Nursing? No problem! We’ve got smart ways to steer clear of the most common breastfeeding nuisances.
No Latch Troubles!
“Nursing can be painful while the baby and mother are getting the hang of it, but if all is going well, the discomfort shouldn’t last more than a week or so,” says Mona Gabbay, M.D., creator of TheBreastFeedingDoctor.com and a nursing expert in New Rochelle, New York. If you’re still experiencing pain after the first week, it could be a sign that your babe hasn’t mastered the latch. Helpful checks: Your sweetie’s mouth is wide open, with lips curled out; he has taken as much of the areola into his mouth as possible; he is sucking rhythmically; and you can hear regular swallows. If you need to, seek help from a lactation consultant.
No Breast Soreness!
Soothe those hardworking nipples with lanolin or olive oil. (Avoid using lanolin for more than a week or two, however, because it could contribute to thrush; see the next page.) “Soaking your breasts in warm saltwater after nursing can also alleviate pain and heal cuts,” Dr. Gabbay says. Mix 1 teaspoon salt with 1 cup warm water in a bowl, and pour into shot glasses or bowls. Dip your nipples in for about three minutes at a time, and pray nobody rings your doorbell.
Another common cause of discomfort is engorgement, which causes full, hard breasts. The best fix: Nurse the baby on demand. If he is sleeping for long periods at night, wake up to pump. Decrease these pumping sessions over the next few nights so your breasts can adjust to longer periods of not nursing. Before feeding, take a warm shower or place a washcloth doused in warm water on your breasts to facilitate the letdown of milk; to further encourage la leche to flow, massage your breasts toward the nipple while feeding. Placing ice packs on your breasts between sessions will reduce swelling. Frozen cabbage leaves also work for some unknown reason, though you might feel like human coleslaw.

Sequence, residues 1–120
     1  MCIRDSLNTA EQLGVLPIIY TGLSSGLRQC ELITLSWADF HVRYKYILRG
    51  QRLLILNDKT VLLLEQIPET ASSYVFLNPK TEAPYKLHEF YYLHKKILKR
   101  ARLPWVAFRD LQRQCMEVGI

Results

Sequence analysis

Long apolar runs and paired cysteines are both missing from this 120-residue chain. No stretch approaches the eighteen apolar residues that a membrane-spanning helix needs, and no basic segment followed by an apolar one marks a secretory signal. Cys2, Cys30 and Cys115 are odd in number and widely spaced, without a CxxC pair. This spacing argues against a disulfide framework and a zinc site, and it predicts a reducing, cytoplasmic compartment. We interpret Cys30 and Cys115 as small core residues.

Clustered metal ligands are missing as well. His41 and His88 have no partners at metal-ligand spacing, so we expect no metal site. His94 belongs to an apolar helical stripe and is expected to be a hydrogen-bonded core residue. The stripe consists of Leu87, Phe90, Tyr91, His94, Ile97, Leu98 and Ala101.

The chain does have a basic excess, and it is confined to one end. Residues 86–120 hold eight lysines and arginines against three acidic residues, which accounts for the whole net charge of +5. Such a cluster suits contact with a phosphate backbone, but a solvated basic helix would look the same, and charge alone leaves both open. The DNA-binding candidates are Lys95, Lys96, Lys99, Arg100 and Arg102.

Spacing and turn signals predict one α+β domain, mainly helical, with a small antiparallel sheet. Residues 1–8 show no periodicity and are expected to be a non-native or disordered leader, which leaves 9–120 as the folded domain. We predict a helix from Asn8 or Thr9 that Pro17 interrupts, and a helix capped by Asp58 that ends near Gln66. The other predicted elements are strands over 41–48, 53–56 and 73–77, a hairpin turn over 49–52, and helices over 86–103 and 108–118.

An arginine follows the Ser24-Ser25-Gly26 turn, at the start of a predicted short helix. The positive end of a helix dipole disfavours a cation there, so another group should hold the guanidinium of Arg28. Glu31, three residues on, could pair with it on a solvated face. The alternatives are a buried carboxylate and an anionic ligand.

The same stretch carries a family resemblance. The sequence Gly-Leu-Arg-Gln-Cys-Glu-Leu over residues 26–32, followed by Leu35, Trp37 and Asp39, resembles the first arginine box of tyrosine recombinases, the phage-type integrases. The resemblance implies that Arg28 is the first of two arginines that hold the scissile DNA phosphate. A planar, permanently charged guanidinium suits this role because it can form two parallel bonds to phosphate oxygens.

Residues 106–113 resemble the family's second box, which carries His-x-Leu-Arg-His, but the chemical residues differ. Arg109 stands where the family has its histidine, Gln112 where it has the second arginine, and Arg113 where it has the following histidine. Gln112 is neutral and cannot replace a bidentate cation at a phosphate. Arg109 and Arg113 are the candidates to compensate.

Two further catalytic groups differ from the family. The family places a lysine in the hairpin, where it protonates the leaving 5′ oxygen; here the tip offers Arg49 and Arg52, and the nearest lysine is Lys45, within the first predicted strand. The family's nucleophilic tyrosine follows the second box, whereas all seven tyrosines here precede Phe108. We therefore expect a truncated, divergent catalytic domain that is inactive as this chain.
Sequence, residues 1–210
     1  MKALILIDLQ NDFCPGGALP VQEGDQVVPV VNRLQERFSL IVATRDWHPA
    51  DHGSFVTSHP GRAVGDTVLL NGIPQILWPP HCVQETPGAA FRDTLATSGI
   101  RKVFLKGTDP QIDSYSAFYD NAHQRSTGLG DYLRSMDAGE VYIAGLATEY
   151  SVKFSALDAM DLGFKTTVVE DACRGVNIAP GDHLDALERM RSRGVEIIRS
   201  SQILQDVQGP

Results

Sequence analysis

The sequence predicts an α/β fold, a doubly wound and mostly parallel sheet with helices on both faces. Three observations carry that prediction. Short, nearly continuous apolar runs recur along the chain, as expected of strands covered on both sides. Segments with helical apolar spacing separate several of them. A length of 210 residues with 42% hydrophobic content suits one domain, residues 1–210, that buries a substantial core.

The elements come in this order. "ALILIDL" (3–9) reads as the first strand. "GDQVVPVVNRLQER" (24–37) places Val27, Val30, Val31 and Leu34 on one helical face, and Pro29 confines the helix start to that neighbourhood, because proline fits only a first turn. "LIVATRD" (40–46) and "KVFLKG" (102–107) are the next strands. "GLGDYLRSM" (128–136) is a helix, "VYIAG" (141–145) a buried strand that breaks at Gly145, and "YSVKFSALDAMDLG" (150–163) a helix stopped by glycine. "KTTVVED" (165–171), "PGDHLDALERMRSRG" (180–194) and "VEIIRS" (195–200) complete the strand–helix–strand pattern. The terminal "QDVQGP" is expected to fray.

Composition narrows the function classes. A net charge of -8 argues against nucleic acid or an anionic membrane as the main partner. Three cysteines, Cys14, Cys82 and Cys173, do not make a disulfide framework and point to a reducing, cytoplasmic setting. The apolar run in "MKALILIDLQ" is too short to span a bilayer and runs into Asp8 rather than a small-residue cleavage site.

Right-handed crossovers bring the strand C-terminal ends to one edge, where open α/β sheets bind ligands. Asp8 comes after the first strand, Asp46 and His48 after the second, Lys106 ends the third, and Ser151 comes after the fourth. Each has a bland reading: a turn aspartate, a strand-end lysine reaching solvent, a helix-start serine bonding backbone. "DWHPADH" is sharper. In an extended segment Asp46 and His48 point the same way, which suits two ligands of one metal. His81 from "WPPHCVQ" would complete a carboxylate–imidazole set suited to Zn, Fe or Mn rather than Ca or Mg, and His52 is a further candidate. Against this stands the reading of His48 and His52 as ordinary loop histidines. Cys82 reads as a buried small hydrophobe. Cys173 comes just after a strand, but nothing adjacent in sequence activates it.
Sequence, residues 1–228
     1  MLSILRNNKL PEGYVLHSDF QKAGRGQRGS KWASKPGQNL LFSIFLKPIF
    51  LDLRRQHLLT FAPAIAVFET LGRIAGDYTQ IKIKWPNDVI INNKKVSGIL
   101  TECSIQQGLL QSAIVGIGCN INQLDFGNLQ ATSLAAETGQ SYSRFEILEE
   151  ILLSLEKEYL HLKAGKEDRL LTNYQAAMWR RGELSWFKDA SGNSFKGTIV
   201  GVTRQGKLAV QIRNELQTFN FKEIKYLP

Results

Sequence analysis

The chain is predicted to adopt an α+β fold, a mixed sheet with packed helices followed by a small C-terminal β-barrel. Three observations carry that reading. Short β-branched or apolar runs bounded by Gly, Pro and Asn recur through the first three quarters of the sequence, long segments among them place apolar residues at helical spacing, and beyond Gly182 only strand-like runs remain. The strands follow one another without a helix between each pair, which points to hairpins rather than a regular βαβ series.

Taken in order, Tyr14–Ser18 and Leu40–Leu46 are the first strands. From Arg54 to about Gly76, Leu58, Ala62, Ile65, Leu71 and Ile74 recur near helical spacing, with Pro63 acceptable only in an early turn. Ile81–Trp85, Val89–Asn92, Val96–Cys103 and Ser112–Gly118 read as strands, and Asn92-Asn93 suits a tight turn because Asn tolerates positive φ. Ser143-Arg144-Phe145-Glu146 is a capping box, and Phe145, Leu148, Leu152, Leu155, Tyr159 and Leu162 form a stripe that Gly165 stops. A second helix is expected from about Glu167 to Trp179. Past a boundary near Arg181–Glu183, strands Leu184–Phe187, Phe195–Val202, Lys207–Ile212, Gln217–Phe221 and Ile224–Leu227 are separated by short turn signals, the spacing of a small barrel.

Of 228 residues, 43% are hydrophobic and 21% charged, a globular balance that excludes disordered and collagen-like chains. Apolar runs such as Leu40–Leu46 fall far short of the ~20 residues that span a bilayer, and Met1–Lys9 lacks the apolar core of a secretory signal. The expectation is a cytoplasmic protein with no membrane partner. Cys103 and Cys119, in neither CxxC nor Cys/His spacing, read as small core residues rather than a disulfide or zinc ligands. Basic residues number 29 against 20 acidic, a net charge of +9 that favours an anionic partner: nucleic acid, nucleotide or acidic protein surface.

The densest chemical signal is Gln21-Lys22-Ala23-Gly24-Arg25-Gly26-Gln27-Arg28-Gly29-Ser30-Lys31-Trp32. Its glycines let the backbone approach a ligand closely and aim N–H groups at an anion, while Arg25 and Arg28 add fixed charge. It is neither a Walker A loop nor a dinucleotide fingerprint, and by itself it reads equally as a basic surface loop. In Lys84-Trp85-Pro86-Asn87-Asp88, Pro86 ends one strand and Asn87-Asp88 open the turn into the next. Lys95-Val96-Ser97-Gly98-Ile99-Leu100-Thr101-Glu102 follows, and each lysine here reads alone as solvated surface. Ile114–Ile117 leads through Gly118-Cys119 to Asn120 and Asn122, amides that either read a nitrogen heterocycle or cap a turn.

No Blocked Ducts!
Going for long stretches between nursing or putting pressure on breasts for an extended period of time (with a too-tight bra or a seat belt, or by sleeping on your stomach) can lead to a blocked duct, which causes milk to build up and form a painful, hard mass in the breast. Treat a blocked duct as you would engorgement (see previous page), offering Baby the sore breast first if you can tolerate it; she’ll nurse more vigorously there and drain it more effectively. If you develop a fever or body aches, or if the skin on your breast becomes red and sore, you may have mastitis, a bacterial infection caused by blocked ducts or open wounds on the nipples. About a third of nursing women get it. It’s treatable with antibiotics, so if you have symptoms, call your doctor.
No Low Milk Supply!
Tanks not as full as you’d like them to be? Blame infrequent nursing, certain medications (such as antihistamines), hormonal medical conditions (like thyroid dysfunction), or anatomical issues (such as past breast surgery). If your baby is fussy or wants to nurse constantly, he may not be getting enough to eat, so see a lactation consultant. She may suggest barley, oatmeal, almonds, and other foods that increase milk production, or herbs and teas like fenugreek, fennel, and nettle.
Pink, sensitive nipples that sting between feedings signal this yeast infection. “A baby’s gut naturally gets colonized with yeast, but because a newborn’s immunity isn’t very strong, he can develop an overgrowth and pass it along to his mother,” Dr. Gabbay says. Other signs: white patches on Baby’s inner cheeks or gums, or a fungal diaper rash (it’s red and raised, with satellite red spots). See your pediatrician to get an accurate diagnosis. You and your baby will both require an antifungal medication. To prevent thrush, do your best to keep your breasts dry (yeast thrives in warm, moist environments), which means avoiding lanolin after the first week postpartum and changing wet breast pads often. Take care!